Tag Archive: Displaced hook fractures

Hamate Fractures

Fractures of the carpal bones are rare, with the exception of the scaphoid bone. Of all the carpal bones, the hamate accounts for only 2% of fractures, while the scaphoid fractures would be 70%. Hamate fractures are classified based on the Milch classification which takes into account the part of the bone fractured. Fractures of the hook of Hamate are commonly seen in golfers, baseball players, and racket sports players. It is also very common in patients with falls and crash injuries In comparison, body fractures of the hamate are more associated with the act of a clenched fist striking a wall.

Hamate fractures can be difficult to treat and the diagnosis is often missed. In fact, it can take anywhere up to 5 weeks, but the average is about 10 days. It typically causes hypothenar pain worsened by palpation or gripping. The hook of the hamate pull test is performed to assess for hook fractures, and it is deemed positive if the resisted flexion of the fourth and fifth digits displaces the fracture and causes pain. A fracture of the Hamate can damage the ulnar nerve given its close proximity, causing additional symptoms of paresthesia or weakness.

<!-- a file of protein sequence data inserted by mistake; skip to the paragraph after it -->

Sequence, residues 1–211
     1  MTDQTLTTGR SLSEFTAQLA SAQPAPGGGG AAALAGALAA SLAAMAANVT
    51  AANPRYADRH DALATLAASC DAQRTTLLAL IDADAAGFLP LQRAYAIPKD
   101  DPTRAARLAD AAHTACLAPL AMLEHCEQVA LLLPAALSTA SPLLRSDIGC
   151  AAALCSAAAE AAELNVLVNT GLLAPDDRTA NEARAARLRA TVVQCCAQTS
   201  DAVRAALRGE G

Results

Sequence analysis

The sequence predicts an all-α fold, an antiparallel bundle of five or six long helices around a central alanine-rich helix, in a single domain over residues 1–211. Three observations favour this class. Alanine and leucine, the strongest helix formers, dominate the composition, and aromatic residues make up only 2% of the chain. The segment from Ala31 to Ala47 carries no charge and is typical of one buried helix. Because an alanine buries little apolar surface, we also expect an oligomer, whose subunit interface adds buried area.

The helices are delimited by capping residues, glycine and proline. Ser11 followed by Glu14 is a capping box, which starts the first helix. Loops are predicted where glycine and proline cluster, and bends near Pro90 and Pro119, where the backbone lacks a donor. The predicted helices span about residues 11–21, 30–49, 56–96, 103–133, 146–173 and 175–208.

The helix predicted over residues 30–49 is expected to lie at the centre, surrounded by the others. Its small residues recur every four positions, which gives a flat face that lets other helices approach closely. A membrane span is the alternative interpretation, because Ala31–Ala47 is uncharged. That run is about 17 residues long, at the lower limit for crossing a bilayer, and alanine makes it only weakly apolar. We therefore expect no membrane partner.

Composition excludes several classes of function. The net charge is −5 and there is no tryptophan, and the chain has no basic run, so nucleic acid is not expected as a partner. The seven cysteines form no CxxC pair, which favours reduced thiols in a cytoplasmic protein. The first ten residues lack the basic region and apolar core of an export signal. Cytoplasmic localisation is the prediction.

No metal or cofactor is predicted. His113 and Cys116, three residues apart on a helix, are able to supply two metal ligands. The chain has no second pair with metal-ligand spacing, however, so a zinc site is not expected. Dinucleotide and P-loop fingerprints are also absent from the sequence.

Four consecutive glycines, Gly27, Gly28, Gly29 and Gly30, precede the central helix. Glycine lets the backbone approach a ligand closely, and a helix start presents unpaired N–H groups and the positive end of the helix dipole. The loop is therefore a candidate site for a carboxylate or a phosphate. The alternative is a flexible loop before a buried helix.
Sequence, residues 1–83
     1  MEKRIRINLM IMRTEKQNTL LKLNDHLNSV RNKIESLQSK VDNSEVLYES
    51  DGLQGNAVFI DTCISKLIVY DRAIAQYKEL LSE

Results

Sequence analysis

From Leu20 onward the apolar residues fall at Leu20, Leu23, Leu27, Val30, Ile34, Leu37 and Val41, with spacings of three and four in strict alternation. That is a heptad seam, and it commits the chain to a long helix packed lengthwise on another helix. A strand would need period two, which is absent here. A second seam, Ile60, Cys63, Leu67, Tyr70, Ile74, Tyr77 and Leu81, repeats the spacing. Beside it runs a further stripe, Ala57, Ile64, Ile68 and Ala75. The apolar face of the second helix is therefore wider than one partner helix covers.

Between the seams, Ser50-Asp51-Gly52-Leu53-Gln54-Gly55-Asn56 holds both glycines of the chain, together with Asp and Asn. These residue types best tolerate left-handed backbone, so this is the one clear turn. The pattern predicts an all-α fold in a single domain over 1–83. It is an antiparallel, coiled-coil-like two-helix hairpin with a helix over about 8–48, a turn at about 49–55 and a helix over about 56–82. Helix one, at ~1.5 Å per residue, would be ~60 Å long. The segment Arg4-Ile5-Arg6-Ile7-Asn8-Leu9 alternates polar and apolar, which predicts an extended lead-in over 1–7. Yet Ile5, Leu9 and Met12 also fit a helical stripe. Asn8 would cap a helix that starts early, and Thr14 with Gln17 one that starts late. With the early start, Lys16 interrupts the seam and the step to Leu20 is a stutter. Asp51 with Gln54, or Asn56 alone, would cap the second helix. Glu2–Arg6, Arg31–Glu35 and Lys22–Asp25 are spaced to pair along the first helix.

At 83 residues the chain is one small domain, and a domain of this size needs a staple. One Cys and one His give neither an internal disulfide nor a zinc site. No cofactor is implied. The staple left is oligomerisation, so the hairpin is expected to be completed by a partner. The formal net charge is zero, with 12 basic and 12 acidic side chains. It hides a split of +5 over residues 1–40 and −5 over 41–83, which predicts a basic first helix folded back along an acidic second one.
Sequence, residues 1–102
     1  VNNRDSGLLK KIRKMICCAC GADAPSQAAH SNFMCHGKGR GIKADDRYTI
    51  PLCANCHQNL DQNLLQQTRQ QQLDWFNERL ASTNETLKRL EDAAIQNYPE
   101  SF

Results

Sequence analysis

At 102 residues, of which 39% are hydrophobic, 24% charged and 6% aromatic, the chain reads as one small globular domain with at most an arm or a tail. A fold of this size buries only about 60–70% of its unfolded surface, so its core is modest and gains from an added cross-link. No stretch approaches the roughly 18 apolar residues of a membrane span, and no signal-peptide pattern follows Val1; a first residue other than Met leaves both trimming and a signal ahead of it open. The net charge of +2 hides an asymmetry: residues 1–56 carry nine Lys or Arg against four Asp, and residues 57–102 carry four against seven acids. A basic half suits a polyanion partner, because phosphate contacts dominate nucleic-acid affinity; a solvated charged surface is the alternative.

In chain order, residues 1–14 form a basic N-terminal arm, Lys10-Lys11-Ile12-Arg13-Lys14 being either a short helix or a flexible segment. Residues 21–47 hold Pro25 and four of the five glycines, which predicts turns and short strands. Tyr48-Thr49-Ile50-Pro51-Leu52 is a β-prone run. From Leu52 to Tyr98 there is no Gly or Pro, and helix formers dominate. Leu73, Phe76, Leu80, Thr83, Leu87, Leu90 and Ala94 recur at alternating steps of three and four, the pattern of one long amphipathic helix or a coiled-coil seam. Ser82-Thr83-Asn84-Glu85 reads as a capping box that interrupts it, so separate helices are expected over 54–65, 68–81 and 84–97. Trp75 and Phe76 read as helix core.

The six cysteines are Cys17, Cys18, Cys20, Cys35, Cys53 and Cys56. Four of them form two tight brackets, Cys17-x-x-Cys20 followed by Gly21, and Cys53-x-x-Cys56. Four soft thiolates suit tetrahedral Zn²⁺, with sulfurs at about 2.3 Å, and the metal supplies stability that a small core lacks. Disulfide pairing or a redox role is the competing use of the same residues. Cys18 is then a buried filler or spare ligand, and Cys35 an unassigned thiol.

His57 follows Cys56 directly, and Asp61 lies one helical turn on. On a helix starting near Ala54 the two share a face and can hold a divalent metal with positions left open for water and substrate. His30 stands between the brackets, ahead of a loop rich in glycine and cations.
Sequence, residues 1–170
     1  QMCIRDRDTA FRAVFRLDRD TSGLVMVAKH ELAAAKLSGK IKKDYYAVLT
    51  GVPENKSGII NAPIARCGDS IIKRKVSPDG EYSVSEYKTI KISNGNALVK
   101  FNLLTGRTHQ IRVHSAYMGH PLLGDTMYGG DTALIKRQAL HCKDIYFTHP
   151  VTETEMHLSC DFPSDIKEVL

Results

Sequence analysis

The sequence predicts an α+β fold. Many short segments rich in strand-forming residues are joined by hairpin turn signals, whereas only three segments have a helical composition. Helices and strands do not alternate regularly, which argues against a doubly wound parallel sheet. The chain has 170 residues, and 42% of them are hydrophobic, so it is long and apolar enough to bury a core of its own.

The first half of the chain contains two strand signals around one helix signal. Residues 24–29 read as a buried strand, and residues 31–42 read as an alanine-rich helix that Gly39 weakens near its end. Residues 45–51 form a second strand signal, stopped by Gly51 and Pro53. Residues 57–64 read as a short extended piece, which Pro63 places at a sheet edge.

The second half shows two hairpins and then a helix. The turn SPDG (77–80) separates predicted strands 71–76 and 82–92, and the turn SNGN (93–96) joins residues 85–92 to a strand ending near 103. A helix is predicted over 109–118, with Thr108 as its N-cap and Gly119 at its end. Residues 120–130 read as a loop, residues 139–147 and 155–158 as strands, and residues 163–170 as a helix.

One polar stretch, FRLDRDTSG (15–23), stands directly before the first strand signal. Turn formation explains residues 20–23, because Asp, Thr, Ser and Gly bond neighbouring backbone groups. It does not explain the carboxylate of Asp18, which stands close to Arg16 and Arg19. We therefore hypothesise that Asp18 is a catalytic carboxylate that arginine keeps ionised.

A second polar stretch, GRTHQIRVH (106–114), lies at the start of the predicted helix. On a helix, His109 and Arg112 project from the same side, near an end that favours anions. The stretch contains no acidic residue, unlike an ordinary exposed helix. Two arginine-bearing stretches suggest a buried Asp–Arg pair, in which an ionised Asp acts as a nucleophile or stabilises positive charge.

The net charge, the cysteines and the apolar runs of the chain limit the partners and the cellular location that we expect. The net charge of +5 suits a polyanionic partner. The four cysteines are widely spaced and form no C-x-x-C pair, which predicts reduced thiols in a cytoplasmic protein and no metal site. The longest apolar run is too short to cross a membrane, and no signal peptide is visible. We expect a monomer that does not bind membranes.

Treatment of hamate fractures is dependent on the degree of the displacement and fracture location

Plain film radiography is performed for the diagnosis of these injuries. There is an overlap of the hook of the hamate on the body, which makes the radiological diagnosis quite difficult. Computed tomographic (CT) scan can be performed to assist in such cases and for preoperative planning.

The treatment of hamate fractures is dependent on the degree of the displacement and fracture location. For minor, nondisplaced hamate hook fractures, short arm cast immobilization is usually sufficient, along with close clinical follow-up to ensure there is no non-union. Displaced hook fractures or those that are associated with nerve or tendon irritation require a more involved approach. Excision needs to be performed in these settings, and it does not adversely affect grip strength or wrist range of motion. Excision is actually preferred to open reduction internal fixation. Hamate body fractures, on the other hand, are treated with a short arm cast for 4 to 6 weeks, if nondisplaced. Displaced hamate body fractures actually require an open reduction and internal fixation with either compression screws or low-profile plates. In some cases, temporary fixation across the carpometacarpal joints may also be required to aid in stability. Sometimes, rigid fixation is considered for these fracture patterns but may not always lead to desirable patient outcomes.

Overall, hamate fractures are quite rare and can be difficult to diagnosis, given the lack of experience of the radiologist and the intricate nature of the injury, and can lead to significant morbidity if not recognized and treated appropriately. Choosing the right treatment is the next critical step as full recovery depends on it. It has special relevance in sports medicine and lasting sequelae can severely compromise a sports career, making it all the more necessary to properly diagnose and treat it.

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